Tag archives: plumes
By Hamish Johnston
We’ve all had a friend who does it – you’re deep in conversation at a party, beer bottle in hand, when someone sneaks up and taps the top of your bottle with theirs, causing a foamy mess to erupt from your bottle. And to add insult to injury, their bottle doesn’t foam.
Now, physicists in Spain and France have studied this curious effect and gained a better understanding of how it occurs. While their work won’t prevent wet shoes and slippery floors at university social gatherings, the researchers believe their work could provide insights into geological features such as oil reservoirs, mud volcanoes and “exploding lakes”.
Cassini’s enhanced and false-coloured image of Enceladus backlit by the Sun shows the fountain-like plumes of the fine spray of material that spews from the south polar region (Courtesy: NASA/JPL/Space Science Institute)
By Tushna Commissariat
Enceladus, Saturn’s sixth largest moon is back in the news as the Cassini-Huygens mission has managed to directly sample the water plumes jetting into space from its southern polar region. These plumes of ice and salt originate from the moon’s famed “tiger stripes” region – four parallel giant fissures on the southern face of the moon.
The findings from these fly-throughs are the strongest evidence yet for the existence of large-scale saltwater reservoirs beneath the moon’s icy crust. “Enceladus is a tiny icy moon located in a region of the outer solar system where no liquid water was expected to exist, because of its large distance from the Sun,” says Nicolas Altobelli, ESA’s project scientist for the Cassini-Huygens mission. “This finding is therefore a crucial new piece of evidence showing that environmental conditions favourable to the emergence of life may be sustainable on icy bodies orbiting gas-giant planets.”
Indeed, the moon has been described previously by other Cassini researchers as one of the “most habitable spots beyond Earth in the solar system for life as we know it”.
Enceladus’ water plumes are though to contribute towards replenishing Saturn’s outermost and faint E-ring, which traces the orbit of Enceladus around Saturn. The Cassini spacecraft discovered the plumes in 2005 and more recently has been able to fly directly through them.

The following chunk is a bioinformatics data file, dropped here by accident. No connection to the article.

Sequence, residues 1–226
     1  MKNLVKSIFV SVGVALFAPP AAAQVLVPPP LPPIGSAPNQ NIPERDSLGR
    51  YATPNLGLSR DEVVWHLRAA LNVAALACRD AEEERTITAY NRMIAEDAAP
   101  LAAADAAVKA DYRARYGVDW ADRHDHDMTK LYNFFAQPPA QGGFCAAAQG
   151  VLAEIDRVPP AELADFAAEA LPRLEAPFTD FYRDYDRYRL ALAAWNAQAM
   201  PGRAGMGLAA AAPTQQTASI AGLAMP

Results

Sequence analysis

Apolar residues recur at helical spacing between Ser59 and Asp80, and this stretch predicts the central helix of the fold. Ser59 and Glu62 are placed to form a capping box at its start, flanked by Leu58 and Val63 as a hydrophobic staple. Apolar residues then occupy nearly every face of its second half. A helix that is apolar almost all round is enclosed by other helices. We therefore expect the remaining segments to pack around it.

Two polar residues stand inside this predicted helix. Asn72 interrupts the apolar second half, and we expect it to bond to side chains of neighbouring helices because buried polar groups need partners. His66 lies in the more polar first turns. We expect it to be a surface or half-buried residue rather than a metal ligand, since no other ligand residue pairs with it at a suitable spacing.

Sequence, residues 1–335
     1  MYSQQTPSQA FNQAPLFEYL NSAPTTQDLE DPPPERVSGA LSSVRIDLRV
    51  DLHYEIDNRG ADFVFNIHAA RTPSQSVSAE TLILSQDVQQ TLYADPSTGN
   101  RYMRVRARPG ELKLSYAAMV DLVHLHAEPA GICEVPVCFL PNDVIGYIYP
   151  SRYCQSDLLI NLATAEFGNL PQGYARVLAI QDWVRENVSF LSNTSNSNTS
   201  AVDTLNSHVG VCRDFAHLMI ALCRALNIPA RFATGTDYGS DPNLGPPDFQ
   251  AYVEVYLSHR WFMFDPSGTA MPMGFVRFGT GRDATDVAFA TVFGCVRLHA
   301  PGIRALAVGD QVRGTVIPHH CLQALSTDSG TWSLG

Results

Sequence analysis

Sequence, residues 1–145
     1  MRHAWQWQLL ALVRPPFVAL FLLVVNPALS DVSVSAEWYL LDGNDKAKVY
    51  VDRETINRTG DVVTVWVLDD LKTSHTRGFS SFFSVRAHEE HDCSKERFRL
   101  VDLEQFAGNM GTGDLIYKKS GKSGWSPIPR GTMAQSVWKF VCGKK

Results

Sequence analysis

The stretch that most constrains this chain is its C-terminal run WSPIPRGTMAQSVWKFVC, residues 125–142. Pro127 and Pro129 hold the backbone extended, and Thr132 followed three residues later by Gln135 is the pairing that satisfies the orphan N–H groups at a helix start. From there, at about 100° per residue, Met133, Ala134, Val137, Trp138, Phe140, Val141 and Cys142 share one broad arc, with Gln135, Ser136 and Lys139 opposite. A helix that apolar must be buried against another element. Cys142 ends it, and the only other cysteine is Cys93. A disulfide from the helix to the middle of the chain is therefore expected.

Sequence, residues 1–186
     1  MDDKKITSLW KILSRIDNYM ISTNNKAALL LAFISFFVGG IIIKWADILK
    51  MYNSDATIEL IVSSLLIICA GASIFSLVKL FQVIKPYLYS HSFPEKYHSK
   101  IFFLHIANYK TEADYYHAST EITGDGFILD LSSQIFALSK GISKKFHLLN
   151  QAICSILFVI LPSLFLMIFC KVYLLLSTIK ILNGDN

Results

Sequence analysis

During three of Cassini’s passes in 2008 and 2009, its Cosmic Dust Analyser measured the composition of freshly ejected plume grains. The icy particles hit the detector target at speeds of 6.5–17.5 km/s, and vaporized instantly. Electrical fields inside the instrument then separated the various constituents of the resulting impact cloud for analysis.
Researchers looking at the data from the detector have found that grains ejected in the plumes and into the atmosphere of the moon and out towards the E-ring are relatively small and mostly salt-poor, closely matching the composition of the E-ring. However, closer to the moon itself relatively large, salt-rich ice grains were found.
This mosaic of 21 Cassini images is a false colour full-disc view of the anti-Saturn hemisphere on Enceladus (Courtesy: NASA/JPL/Space Science Institute)
Scientists explain this by saying that more than 99% of the total mass of ejected solids is in salt-rich grains, but most of these are heavy and fall back to the moon, so never make it into the E-ring. The salt-rich particles have an “ocean-like” composition which indicates that most, if not all, of the expelled ice comes from liquid saltwater body somewhere under the surface, rather than from the icy face of the moon.
The scenario envisioned by the team goes something like this – deep underneath Enceladus’ surface, perhaps 80 km down, there is a reservoir of water between the rocky core and the icy mantle, kept liquid by tidal forces generated by Saturn and its neighbouring moons, as well as by the heat generated by radioactive decay. When the outermost layer cracks open, the reservoir is exposed to space. The drop in pressure causes the liquid to evaporate, with some of it flash-freezing into salty ice grains: together these create the plumes.
When salty water freezes slowly, the salt is squeezed out, leaving pure water ice behind. So, if the plumes were coming from the surface ice, there should be very little salt in them. “There currently is no plausible way to produce a steady outflow of salt-rich grains from solid ice across the tiger stripes other than from saltwater under Enceladus’ icy surface,” says Frank Postberg, Universität Heidelberg, Germany, who is the lead author of a Nature paper announcing these results.